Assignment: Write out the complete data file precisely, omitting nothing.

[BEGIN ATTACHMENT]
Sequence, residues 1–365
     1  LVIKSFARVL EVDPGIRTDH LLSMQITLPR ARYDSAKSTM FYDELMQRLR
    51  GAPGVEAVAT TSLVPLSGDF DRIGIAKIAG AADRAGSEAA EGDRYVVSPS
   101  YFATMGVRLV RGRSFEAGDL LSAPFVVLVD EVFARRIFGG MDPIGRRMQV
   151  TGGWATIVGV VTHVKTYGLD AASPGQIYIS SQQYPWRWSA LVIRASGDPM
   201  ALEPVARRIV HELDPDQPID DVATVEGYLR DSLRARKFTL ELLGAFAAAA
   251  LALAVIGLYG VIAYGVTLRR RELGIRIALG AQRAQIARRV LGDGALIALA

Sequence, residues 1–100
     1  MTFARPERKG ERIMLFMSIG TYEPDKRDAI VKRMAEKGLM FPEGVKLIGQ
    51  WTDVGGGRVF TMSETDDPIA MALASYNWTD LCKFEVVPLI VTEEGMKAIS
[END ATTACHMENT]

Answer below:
Sequence, residues 1–365
     1  LVIKSFARVL EVDPGIRTDH LLSMQITLPR ARYDSAKSTM FYDELMQRLR
    51  GAPGVEAVAT TSLVPLSGDF DRIGIAKIAG AADRAGSEAA EGDRYVVSPS
   101  YFATMGVRLV RGRSFEAGDL LSAPFVVLVD EVFARRIFGG MDPIGRRMQV
   151  TGGWATIVGV VTHVKTYGLD AASPGQIYIS SQQYPWRWSA LVIRASGDPM
   201  ALEPVARRIV HELDPDQPID DVATVEGYLR DSLRARKFTL ELLGAFAAAA
   251  LALAVIGLYG VIAYGVTLRR RELGIRIALG AQRAQIARRV LGDGALIALA

Sequence, residues 1–100
     1  MTFARPERKG ERIMLFMSIG TYEPDKRDAI VKRMAEKGLM FPEGVKLIGQ
    51  WTDVGGGRVF TMSETDDPIA MALASYNWTD LCKFEVVPLI VTEEGMKAIS